In 2020, philosopher Carl Sachs contended that the Frankfurt School and Vienna Circle, rather than Popperian adherents tout court, comprised the two sides of the debate. In addition to an overemphasis on Popper's seminar in this debate, each side misunderstood the extent of the other's grievances. In Sachs' telling, "Frankfurters" interpreted "the Vienna Circle as fundamentally concerned with the explication of objectivity, which they carried out in purely formal terms so that nothing ‘subjective’ entered into the conception of objectivity." Vienna Circle members, especially Popper, likewise misconstrued the Frankfurt School, specifically Adorno and Horkheimer, as omitting or repudiating "a better future" for society and physical science. Fears of determinism by the Frankfurt School propelled members to promote moments of violent revolution as the only means to escape such historicism. Thus approaches to gradual reform measures had been occluded from the ideas of the Frankfurt School.
Sachs held that members of the Frankfurt School and members of the Vienna Circle underestimated each other. The Vienna School, rather than deemphasizing subjectivity and intersubjectivity in the pursuit of positivism, "never even attempted to study the role of subjectivity and intersubjectivity in epistemology." The Vienna Circle believed that "the commitment to the unity of science, the explication of a purely formal conception of objectivity, and the use of mathematical logic to do so are not epistemological projects." In fact, they had already arrived at a similar conclusion, that "speculative metaphysical systems such as those of Henri Bergson or German Idealism were useless for science because they could not satisfy the formal conditions of objectivity." The Vienna Circle instead wished to design a "formal semantics of declarative assertions" that could "be [universally] said to anyone by anyone," thereby furthering a "neglect of subjectivity" and, conversely, an "explication of objectivity" in "mathematical or symbolic logic" that produced "scientific explanations." Certainly, the Circle "conceptualize[d] the distinction between synthetic statements as truths of mathematical logic together with sensory qualities" to a limited extent, but their emphasis was on "declarative assertions" devoid of "subjectivity" in "mathematical or symbolic logic."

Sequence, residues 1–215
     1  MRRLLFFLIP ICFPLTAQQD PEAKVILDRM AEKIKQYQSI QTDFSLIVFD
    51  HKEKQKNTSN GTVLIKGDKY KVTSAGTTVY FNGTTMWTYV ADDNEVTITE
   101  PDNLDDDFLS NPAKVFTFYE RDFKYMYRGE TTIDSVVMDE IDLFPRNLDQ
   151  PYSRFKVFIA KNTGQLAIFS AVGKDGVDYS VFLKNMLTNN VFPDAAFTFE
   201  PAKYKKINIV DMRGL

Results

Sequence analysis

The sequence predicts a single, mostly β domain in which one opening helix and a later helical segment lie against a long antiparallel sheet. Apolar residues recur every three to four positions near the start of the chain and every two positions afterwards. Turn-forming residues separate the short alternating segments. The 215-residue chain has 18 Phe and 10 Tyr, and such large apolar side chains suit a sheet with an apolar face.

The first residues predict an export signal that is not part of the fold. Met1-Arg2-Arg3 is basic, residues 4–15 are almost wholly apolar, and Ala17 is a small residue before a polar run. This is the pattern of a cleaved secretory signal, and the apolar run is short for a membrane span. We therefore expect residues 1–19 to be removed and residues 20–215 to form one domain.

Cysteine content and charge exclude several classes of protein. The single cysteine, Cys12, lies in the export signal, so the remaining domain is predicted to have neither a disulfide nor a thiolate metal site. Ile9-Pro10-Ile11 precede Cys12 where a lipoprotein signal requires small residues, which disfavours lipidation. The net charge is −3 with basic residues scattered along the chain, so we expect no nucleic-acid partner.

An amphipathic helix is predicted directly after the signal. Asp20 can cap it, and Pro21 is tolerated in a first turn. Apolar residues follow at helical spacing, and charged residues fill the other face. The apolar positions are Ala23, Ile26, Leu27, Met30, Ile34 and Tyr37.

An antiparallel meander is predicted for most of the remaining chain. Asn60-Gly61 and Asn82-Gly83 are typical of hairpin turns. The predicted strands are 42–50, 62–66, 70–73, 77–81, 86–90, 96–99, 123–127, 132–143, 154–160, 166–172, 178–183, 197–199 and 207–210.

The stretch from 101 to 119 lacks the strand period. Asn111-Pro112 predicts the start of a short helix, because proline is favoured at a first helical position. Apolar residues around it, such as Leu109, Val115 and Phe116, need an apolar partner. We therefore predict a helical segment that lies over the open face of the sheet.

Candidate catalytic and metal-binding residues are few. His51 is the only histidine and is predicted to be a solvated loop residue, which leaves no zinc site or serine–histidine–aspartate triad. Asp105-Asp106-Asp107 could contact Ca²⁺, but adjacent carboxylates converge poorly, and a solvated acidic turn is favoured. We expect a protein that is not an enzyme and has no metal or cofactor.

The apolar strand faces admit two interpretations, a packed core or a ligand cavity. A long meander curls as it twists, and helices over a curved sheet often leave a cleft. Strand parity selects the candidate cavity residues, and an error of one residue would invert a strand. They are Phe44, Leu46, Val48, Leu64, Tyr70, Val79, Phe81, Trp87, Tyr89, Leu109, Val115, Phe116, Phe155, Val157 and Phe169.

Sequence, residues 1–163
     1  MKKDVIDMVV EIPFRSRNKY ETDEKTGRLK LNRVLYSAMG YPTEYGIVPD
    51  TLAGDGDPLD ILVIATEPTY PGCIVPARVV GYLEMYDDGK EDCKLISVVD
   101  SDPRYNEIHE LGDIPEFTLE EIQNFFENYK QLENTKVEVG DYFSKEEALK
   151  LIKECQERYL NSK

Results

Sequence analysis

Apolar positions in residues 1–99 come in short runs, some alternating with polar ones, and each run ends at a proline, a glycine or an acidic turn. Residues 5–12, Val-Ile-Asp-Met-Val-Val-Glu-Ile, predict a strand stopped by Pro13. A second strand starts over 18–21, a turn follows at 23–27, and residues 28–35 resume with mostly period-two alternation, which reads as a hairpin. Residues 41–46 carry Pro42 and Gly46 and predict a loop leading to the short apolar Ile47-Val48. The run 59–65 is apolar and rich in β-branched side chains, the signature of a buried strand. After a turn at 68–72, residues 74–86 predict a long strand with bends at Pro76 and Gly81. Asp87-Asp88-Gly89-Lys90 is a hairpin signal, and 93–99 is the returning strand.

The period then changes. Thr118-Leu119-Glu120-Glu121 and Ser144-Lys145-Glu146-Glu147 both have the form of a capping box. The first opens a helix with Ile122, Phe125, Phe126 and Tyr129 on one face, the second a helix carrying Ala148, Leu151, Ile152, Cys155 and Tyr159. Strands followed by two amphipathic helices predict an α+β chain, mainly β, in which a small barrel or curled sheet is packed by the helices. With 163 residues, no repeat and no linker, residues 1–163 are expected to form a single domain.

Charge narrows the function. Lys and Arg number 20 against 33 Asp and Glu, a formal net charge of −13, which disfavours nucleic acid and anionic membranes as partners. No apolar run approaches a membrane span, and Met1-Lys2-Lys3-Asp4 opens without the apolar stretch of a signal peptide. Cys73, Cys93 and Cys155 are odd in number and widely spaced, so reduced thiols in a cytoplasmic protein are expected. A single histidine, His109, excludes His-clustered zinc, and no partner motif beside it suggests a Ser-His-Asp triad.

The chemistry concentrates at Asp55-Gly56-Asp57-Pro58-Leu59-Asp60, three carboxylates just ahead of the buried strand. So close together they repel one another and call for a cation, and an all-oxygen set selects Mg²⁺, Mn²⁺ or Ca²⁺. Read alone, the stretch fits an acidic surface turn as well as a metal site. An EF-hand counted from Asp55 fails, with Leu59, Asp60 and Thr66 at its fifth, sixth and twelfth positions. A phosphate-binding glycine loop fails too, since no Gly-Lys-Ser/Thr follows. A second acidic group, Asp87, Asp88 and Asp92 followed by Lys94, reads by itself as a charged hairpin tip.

Frankfurt School members, on the other hand, did not aim to repudiate the notion of "a better future," an impulse that purportedly derived from their historicism. Rather, "the Frankfurters" were principally concerned with assessing conceptual underpinnings, including the development of a given "philosophy of language," that could potentially advance "irrationality and short-sightedness," both of which Sachs associated with "contemporary neoliberalism." The Frankfurt School, at least in its "first generation" (and, with a young Habermas, the beginning of the second), believed that "the truth-content of German Idealism had to be interpreted allegorically as the hope for a truly rational society." They hoped to forge a path to "a post-capitalist society in which cooperation, rather than competition, is the underlying logic of all institutions and the social practices supported by them." Common hope for a "utopian rational society," premised on different yet reconcilable beliefs, underscored the projects of both the Frankfurt and Vienna Schools. Sachs noted the compatibility element: "there is no reason why a purely formal explication of objectivity [by the Vienna Circle] should interfere with a diagnosis and critique of social pathologies of rational subjectivity and intersubjectivity [by the Frankfurt School]."